The condominium trust initiated the lawsuit seeking to recover damages related to certain alleged widespread deficiencies in the design and construction of the common areas and facilities of the condominium. The alleged construction deficiencies included claims of deficient flashing that led to water infiltration, as well as claims that many of the 58 decks throughout the development were not properly affixed to their respective buildings. Lennar – in a motion for summary judgment – contended that the condominium trust’s claims were partially time barred under the statute of repose.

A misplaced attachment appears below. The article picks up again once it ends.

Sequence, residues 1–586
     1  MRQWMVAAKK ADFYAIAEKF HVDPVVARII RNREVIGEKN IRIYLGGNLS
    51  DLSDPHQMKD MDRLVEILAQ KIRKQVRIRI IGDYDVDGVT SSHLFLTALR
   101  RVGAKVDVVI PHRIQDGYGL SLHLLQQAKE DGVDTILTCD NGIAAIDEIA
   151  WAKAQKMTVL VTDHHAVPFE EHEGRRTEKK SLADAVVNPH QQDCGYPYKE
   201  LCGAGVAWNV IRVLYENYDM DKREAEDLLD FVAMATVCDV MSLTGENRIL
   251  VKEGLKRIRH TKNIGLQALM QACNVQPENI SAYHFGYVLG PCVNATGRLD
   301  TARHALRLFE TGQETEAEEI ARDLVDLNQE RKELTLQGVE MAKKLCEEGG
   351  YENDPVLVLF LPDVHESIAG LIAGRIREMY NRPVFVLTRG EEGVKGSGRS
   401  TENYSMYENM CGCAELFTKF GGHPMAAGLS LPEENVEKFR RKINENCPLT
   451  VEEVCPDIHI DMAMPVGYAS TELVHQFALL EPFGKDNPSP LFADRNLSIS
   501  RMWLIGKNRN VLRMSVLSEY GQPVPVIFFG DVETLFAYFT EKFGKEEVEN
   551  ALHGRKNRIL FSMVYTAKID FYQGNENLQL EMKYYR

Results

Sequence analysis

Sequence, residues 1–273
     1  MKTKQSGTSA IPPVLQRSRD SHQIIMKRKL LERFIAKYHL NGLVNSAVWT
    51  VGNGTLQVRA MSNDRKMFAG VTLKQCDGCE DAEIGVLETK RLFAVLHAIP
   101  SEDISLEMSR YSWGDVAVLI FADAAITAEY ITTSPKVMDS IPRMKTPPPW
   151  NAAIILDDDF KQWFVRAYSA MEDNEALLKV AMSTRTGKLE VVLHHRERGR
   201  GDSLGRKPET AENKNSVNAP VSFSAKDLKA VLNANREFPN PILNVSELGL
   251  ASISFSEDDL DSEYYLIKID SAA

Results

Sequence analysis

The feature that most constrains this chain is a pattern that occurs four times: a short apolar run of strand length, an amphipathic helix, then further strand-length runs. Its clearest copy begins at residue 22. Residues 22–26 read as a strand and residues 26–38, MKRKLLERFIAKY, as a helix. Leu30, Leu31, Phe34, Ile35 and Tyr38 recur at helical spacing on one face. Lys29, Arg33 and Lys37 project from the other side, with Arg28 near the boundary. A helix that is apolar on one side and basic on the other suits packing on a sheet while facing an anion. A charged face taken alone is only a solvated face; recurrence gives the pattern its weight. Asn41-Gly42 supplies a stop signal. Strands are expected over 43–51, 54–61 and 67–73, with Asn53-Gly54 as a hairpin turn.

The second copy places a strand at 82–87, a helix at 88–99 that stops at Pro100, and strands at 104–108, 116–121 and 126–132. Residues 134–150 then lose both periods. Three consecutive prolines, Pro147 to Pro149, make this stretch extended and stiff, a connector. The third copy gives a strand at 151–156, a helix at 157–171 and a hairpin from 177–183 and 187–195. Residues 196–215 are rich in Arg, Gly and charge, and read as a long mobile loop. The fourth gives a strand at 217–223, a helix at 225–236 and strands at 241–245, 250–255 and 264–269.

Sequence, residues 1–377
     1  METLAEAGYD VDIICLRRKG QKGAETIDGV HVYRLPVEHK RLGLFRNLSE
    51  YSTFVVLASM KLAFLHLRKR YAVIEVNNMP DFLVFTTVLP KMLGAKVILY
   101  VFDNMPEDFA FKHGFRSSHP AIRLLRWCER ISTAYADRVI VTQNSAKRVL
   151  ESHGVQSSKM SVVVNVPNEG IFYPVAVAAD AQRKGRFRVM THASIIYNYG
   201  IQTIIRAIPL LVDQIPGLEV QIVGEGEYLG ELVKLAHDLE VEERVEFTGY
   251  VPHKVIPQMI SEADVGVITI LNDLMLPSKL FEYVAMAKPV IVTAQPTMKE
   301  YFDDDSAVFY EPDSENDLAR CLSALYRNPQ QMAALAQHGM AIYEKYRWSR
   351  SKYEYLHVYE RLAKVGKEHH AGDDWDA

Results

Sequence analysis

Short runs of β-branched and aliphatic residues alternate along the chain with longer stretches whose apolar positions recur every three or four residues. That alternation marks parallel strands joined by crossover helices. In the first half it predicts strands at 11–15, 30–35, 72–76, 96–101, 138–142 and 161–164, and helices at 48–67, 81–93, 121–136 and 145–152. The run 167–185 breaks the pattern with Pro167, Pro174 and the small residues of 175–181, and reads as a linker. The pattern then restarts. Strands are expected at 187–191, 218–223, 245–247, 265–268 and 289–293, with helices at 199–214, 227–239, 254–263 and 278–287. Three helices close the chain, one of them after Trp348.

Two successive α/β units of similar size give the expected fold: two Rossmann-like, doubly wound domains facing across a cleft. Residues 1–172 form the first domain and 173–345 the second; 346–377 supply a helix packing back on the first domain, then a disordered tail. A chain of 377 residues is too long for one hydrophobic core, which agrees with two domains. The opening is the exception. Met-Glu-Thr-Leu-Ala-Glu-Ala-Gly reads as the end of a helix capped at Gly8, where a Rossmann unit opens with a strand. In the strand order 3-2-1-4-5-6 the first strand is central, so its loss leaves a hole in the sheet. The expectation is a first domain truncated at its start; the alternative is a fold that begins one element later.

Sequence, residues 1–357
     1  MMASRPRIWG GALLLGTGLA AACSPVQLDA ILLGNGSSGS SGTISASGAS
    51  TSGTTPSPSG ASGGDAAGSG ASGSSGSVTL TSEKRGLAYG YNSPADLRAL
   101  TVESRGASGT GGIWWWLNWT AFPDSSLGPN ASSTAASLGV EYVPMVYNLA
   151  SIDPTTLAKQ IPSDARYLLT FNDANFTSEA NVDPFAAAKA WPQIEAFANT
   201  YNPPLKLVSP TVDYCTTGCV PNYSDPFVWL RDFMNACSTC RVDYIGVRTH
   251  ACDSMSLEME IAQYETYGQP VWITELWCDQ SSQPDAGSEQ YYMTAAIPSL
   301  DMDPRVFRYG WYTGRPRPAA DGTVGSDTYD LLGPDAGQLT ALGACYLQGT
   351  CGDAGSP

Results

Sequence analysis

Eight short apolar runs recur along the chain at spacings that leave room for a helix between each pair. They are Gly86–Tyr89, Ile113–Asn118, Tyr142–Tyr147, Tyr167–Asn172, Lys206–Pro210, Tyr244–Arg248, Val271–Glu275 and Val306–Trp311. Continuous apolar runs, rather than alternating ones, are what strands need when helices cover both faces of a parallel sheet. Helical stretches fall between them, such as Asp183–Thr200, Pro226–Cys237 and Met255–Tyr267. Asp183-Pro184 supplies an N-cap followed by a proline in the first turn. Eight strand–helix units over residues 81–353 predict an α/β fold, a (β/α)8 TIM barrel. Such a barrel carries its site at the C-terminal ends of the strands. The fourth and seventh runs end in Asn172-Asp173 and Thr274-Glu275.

The statute of repose provides, in pertinent part, that “in no event shall [an action arising out of any deficiency in the construction of an improvement to real property] be commenced more than six years after the earlier of the dates of: (1) the opening of the improvement to use; or (2) substantial completion of the improvement and the taking of possession for occupancy by the owner.” M.G.L. c. 260, § 2B. Simply put, most of an association’s construction defect claims are absolutely time barred six years from the date that construction of a condominium is completed. Lennar contended that the statute of repose began to run – for each of the 24 phases of the condominium – when the project architect issued certifications of substantial completion and/or when the Town of Hingham issued certificates of occupancy when the units, buildings, and other common elements in the condominium were completed respectively. In light of the fact that six of the twenty-eight condominium buildings were substantially complete more than six years prior to the trust’s initiation of the lawsuit, Lennar argued that the claims involving those buildings should be time barred.